The curious appellation “Tijuana Bar” dates back to the 1920s when the 18th amendment to the Constitution established Prohibition in the United States during the period 1920 to 1933. Because Prohibition forbade the sale of alcoholic beverages, many Americans got their alcohol illegally or they went to Mexico. Tijuana was a popular vacation and honeymoon destination and it happens to be where Teofilo C. Perea, Sr. and his bride honeymooned in the 1920s. The newlyweds visited a bar called the “Tijuana Bar” and decided then and there to use that name should they ever open a bar. Bureaucracy being what it is, once a license to dispense alcohol is issued, it’s very difficult to change the name on the license–hence Tijuana Bar. It fits.
Housed in one of the oldest buildings in Corrales, a 200 year plus old structure constructed of “terrones” or thick slabs of earth rather than adobes, Perea’s Tijuana bar & Restaurant doesn’t subscribe to the notion that all food served in Corrales has to be of high-brow fru-fru variety. In fact, for outstanding home-cooked New Mexican food, Perea’s is one of a handful of restaurants vying for “best restaurant” in the Duke City area. In my humble opinion and that of Larry McGoldrick, the professor with the perspicacious palate, it is in rarefied company as one of the very best New Mexican restaurants not only in the Albuquerque area, but in the state.
The operative word here is “home-cooked” as in prepared the old-fashioned way by members of the Perea family, a prominent Corrales presence for generations. T.C., the affable family patriarch who took over the restaurant operation in 1968 tended the bar until his untimely passing on June 20th, 2012. His genial son John continues to oversee the restaurant operation while either his charming wife Stella or his lovely mom prepares the traditional favorites which have made Perea’s a hugely popular dining destination.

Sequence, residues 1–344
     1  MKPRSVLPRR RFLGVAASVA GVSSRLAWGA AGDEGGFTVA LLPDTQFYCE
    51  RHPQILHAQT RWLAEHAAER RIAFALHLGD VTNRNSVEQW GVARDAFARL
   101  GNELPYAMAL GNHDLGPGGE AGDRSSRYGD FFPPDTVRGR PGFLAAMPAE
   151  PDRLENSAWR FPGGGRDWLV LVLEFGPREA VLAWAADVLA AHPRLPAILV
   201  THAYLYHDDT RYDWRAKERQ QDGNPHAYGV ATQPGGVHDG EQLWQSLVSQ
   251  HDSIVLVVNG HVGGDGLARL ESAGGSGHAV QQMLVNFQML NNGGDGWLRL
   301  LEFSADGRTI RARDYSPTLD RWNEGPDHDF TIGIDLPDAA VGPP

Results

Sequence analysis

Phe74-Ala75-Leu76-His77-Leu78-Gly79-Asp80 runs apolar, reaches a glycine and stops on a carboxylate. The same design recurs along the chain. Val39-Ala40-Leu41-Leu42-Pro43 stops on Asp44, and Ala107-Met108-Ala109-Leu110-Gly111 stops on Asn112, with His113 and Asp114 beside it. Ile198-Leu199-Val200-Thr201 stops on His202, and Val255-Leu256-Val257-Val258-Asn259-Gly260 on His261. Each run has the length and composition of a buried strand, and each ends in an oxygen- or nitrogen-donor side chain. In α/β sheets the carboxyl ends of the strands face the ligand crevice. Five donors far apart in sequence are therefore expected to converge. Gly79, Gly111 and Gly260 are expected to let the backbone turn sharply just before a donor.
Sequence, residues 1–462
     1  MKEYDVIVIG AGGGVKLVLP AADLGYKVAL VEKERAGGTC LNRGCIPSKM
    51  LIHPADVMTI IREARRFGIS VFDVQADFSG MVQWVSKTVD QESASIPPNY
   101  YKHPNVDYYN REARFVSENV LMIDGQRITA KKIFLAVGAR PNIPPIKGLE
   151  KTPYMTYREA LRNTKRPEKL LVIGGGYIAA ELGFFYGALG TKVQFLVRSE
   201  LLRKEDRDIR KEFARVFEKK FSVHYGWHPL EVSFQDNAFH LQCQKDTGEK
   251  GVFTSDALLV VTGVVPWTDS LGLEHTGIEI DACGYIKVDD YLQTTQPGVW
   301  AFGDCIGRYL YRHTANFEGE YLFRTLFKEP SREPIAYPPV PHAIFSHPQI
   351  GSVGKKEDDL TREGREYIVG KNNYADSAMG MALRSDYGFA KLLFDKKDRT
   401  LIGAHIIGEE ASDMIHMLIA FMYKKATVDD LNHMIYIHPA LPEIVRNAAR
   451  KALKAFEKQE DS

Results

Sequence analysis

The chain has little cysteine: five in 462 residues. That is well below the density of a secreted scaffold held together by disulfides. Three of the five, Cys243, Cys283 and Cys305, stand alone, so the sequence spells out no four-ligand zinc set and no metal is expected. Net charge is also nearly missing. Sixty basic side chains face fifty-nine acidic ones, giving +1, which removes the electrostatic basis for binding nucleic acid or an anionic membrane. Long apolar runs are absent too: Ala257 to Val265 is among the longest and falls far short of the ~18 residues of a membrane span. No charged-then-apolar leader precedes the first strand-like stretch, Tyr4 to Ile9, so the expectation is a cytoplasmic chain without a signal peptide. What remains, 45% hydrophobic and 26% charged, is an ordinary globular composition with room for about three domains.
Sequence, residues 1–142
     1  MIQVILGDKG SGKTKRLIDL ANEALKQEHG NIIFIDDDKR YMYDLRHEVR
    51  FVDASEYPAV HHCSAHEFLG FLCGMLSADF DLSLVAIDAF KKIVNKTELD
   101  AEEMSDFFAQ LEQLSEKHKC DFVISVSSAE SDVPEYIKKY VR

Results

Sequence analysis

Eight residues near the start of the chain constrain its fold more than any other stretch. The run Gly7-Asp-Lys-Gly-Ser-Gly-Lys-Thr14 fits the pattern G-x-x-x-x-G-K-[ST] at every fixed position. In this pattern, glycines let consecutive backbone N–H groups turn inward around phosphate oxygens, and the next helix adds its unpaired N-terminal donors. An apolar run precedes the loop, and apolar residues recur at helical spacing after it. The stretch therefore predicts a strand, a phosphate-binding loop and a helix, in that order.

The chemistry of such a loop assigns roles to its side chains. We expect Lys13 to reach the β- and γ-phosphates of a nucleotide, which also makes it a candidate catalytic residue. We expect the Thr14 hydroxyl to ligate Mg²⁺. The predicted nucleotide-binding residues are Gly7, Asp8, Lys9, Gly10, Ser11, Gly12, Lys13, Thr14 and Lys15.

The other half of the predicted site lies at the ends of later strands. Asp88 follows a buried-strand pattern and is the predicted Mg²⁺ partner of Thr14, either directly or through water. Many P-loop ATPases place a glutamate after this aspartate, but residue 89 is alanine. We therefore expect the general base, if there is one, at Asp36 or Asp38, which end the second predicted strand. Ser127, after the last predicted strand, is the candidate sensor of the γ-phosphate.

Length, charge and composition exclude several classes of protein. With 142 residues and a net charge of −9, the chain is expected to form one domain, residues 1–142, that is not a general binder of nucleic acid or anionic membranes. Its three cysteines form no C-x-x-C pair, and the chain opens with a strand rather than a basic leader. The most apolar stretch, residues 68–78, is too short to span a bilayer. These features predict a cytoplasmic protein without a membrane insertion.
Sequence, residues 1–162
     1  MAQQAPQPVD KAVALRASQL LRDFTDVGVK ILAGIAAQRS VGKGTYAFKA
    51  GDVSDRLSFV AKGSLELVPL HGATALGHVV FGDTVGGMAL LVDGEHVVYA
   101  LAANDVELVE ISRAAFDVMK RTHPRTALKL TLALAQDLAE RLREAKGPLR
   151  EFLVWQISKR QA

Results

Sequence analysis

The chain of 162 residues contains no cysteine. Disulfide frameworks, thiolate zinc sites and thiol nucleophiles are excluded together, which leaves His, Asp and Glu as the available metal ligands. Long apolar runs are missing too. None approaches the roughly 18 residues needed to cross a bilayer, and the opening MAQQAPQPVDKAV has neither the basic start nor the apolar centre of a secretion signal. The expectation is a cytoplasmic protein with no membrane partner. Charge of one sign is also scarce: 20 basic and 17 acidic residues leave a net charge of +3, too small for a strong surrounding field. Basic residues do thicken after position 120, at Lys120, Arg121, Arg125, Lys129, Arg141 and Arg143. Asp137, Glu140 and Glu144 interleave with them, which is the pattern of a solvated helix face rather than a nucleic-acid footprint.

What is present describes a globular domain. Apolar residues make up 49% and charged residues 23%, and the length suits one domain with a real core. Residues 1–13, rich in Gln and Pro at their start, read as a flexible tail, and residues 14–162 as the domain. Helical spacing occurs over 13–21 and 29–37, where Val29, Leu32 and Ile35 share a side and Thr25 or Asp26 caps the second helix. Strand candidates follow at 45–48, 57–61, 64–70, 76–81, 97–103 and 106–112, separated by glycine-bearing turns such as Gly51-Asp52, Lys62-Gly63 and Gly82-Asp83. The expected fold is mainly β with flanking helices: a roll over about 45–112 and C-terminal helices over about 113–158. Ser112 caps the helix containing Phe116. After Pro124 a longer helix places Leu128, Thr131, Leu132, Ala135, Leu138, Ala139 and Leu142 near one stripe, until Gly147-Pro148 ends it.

Old-fashioned doesn’t just apply to traditional home-cooking. It’s part and parcel of the wonderful service provided to each and every guest. The Perea family is a genuinely warm and friendly bunch. Until September, 2005, perspicacious granddaughter Carina, an aspiring lawyer, waited on us during our every visit and became our favorite member of a genuinely warm and friendly family that makes each visit feel like a return home. Carina is now a mom with a degree who visits the restaurant as often as living in Bend, Oregon will allow.
Fortuitously, the vivacious Mayling Garcia just happened to be looking for a job shortly after Carina’s departure and has now become a restaurant fixture. Mayling is a rare beauty in many ways, becoming one of only thirteen people (out of six billion) in the world to play the airmonica, an instrument invented by Benjamin Franklin. Mayling’s Web site includes a video clip from her appearance on “America’s Got Talent.”
Serving lunch from 11AM to 2PM Monday through Saturday, this charming one-story adobe bar and restaurant features red chile that isn’t just red food coloring like in most restaurants; it’s ground from chile pods, flakes of which are visible on your entrees. The chile has bite without being acerbic, taste and bite without being overwhelmingly piquant (but has on occasion, been known to be hot enough to cause hiccups). Its chile is consistently among the very best chile in the Albuquerque area with the red chile usually being hotter than the green, and even when it’s not especially piquant, it’s always delicious.
Perea’s serves the best Frito Pie in New Mexico. A generous portion of beans, seasoned ground beef, that wondrous red chile and of course, Fritos corn chips is big enough for two to share, but might lead to a tableside tiff if one of you manages to abscond with a larger share of this delicious bounty. You can also have your Frito Pie made with carne adovada for an even more wonderful taste sensation. How many restaurants do you know that offer Frito pie “Christmas style” (with both red and green chile)? Perea’s does and it’s a terrific way to have your Frito pie. You can also top your Frito pie with onions and (or) sour cream.